Wireless switches for lights - recommendations?

We want to install some lighting in a summer house and it seems to us that some sort of remote wireless switching would make sense as the switches are going to be a *long* way from the lights and it will be difficult to hide the wires.
There is a 'proper' mains supply already installed with a sub-CU with 6A breaker for the lighting. (With an RCD main switch). The lights we want to control will probably mostly be 12 volt LEDs with a transformer to supply them.
I did a quick Google Shopping look for 'wireless light switch' and there seem to be a bewildering variety of them, how do I choose?
Are there standards such that different makes will interwork or is that a faint hope? I'm quite happy to D-I-Y from quite low level stuff if that makes sense from the price/function point of view. I buy and build quite a lot of electronics stuff from Rapid Recall, CPC, etc.
One set of lights will (probably) be operated by a fixed 'switch' on the wall in the summer house but others might want more distant (50 to 100 metres maybe) operation with a plip type remote.
Any/all recommendations and ideas would be very welcome.
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Chris Green
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My cheap [4 for £15] 13A plugin ones from Aldidl work but need retraining after a powercut. And a neighbours system turns the lights on 2 or 3 times a year. Range over 10 metres through a window to an aluminium greenhouse. They won't work if two receivers are close together in a double socket, I don't know why.
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I bought one years ago and it’s worked faultlessly ever since. It appears to be a discontinued brand however so that’s not hugely helpful to you I know. (“Home Easy”).
If I were buying again I’d go for one with kinetic switches (no batteries needed) instead although I’ve never had to replace mine in the last 8 or so years.
Something like this.
Wireless Lights Switch Kit,No Battery No Wires No Wi-Fi Required,150feet Operating Range,Easy to Install,Remote Control Lights Ceiling Fans House Lighting Lamps,Replace Wall Switch Can Mount Anywhere (Amazon.com product link shortened)
Tim
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I doubt most remotes would work over that distance.
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*Since light travels faster than sound, some people appear bright until you hear them speak.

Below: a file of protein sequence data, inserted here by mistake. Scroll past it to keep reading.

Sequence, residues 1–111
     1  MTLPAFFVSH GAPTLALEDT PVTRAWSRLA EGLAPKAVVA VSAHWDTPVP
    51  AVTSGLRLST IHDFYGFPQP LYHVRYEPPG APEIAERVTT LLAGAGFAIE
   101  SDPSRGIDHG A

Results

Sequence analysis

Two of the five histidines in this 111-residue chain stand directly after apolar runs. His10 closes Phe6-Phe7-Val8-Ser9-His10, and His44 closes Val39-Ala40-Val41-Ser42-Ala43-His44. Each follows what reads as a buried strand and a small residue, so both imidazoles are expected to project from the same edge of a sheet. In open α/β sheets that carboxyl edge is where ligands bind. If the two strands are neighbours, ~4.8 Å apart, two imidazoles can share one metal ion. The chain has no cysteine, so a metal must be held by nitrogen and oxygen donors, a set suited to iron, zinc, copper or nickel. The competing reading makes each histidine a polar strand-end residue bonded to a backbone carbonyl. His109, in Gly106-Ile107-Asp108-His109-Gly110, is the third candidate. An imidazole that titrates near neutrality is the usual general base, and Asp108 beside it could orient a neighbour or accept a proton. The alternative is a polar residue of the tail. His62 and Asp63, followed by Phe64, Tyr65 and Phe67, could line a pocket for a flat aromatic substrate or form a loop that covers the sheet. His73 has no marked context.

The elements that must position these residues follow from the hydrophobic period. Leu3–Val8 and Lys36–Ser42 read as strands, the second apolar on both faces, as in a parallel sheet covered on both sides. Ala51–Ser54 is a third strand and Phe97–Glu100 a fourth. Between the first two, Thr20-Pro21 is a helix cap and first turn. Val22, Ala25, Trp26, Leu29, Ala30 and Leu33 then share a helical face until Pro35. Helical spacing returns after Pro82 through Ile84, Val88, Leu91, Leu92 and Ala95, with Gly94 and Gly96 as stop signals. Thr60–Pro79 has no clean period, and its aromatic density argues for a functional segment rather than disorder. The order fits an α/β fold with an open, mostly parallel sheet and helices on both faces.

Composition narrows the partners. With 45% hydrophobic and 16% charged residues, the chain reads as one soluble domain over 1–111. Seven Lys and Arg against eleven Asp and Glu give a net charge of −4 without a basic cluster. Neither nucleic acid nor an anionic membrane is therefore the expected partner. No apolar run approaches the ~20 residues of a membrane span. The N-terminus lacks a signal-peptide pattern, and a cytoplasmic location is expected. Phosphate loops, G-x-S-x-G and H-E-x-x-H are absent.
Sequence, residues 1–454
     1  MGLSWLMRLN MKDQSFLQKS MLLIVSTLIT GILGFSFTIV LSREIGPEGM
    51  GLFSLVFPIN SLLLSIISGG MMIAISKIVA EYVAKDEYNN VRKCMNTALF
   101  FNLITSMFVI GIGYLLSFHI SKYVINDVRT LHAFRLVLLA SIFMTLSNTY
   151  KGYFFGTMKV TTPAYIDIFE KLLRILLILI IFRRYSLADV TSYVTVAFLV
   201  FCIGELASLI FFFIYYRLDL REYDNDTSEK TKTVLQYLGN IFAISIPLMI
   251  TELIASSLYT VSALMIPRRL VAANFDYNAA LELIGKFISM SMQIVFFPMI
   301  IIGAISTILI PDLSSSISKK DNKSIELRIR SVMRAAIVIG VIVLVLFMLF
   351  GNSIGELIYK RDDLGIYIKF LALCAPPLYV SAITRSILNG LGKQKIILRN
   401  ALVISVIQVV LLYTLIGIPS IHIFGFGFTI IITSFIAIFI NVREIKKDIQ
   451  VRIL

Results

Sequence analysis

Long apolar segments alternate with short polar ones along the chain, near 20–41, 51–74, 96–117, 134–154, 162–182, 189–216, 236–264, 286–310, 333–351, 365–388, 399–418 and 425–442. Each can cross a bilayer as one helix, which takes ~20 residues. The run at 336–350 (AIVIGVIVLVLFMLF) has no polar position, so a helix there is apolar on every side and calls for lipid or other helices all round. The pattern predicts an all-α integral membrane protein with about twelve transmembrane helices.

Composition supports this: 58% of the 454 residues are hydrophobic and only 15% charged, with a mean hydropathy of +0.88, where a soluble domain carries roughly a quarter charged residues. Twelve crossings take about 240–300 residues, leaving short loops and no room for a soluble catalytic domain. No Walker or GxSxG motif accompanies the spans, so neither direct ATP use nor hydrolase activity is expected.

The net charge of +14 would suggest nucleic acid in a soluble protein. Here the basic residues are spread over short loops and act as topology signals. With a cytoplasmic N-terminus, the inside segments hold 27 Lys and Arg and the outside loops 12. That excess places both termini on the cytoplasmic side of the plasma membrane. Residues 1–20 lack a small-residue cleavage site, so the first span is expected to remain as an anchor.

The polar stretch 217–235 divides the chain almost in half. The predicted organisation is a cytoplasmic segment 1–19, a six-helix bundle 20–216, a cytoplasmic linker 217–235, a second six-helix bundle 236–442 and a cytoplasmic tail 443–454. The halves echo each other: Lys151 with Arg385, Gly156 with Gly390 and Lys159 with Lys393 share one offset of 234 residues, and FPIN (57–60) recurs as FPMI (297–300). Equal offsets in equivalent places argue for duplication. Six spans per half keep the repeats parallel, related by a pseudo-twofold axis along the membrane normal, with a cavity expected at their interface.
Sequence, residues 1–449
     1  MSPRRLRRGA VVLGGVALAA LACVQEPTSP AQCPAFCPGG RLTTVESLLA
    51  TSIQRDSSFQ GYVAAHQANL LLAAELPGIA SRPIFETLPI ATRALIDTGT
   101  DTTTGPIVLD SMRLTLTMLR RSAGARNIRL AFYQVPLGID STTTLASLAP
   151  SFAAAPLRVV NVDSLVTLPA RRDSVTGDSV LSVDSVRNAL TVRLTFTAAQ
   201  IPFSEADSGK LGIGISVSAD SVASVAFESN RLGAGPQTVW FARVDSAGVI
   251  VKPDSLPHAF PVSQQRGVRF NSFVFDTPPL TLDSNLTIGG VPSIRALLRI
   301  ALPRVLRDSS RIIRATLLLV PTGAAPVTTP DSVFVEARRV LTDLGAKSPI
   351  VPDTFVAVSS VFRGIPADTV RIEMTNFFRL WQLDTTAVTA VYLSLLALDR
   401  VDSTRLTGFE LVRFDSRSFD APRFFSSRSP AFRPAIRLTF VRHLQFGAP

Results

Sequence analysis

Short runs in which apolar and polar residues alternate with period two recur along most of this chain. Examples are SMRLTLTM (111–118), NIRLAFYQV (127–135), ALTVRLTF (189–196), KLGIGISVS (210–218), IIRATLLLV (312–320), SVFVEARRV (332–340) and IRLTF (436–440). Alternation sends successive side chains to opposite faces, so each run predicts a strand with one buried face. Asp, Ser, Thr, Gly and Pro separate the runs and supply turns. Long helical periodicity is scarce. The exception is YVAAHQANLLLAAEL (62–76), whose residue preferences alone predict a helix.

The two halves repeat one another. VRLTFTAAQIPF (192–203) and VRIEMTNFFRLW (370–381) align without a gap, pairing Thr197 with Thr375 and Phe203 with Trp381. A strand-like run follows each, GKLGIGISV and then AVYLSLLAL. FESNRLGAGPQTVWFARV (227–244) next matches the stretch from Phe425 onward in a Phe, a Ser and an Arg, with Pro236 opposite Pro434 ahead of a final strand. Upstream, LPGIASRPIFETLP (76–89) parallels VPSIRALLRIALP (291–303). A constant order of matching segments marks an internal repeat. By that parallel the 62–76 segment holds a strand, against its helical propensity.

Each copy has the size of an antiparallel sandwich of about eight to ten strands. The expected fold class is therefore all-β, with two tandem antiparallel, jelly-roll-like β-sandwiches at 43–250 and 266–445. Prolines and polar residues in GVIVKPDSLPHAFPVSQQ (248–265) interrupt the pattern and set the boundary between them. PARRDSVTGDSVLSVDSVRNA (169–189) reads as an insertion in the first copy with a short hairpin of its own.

Dave Plowman snipped-for-privacy@davenoise.co.uk London SW
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Our garage door opener remotes do, pretty reliably, and they presumably use the same 433MHz sort of technology. I was just hoping/expecting light switch remotes to be similar. This is outdoors, line of sight, no obstructions.
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Chris Green
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On 14/03/2019 11:51, Chris Green wrote:

The Quinetic ones are very good and can get 1 2 or 3 switches in a standard wall plate. Sold by TLC and possibly others. I tested one from the bottom of my garden to the road which is about 180 feet. They don't lose sync during power cuts. Fairly easy to open up and modify say for momentary action such as turning on the heating.
Bob
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The obvious thing to use there is the Philips Hue system.

That’s all you need with the Hue system.

Makes more sense to use 240V bulbs and led strips now.

A system that does all you currently want to do and what you might well want to do there in the future. And which you can use in the rest of the house later as well.

Zigbee is that.

Nope.

It doesn’t with function anymore.

Hue is ideal for that situation, there is even an entirely mechanical switch which doesn’t even us a battery which needs no wires at all and which can be placed anywhere. It uses kinetic energy to send a wifi signal to the base.

Hue is ideal for that situation. Not cheap tho and doesn’t currently have any LED panels. Amazon periodically has well discounted specials and you can use any of the european amazons too. Don’t use amazon.com tho for any of the mains powered bulbs.